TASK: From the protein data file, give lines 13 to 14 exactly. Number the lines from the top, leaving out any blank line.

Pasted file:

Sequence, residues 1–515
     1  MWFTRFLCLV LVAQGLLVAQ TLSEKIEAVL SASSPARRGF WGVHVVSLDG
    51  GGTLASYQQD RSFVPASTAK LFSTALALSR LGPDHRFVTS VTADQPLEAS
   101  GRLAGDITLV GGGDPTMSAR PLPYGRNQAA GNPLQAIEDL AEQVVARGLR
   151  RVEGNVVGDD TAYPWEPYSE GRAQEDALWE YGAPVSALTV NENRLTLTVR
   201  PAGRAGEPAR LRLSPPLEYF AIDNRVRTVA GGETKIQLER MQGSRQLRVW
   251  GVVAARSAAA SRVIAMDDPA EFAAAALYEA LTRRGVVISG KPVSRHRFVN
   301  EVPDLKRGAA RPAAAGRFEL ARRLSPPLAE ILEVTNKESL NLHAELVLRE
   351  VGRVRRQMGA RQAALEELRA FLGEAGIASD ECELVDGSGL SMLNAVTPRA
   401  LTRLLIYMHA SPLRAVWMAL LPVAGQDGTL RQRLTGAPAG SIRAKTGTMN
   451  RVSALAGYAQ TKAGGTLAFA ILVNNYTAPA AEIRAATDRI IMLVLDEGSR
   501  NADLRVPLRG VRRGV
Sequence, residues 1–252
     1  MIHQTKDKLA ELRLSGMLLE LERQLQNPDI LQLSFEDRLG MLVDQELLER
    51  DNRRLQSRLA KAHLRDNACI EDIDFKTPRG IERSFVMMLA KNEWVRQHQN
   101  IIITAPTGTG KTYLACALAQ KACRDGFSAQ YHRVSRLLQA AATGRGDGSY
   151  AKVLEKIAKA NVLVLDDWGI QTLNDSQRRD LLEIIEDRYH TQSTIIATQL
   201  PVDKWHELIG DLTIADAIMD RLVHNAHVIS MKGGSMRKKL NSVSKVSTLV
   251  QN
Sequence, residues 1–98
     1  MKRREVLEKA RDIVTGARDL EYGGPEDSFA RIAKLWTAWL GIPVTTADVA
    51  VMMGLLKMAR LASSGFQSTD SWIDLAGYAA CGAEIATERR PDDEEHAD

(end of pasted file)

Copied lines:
Sequence, residues 1–252
     1  MIHQTKDKLA ELRLSGMLLE LERQLQNPDI LQLSFEDRLG MLVDQELLER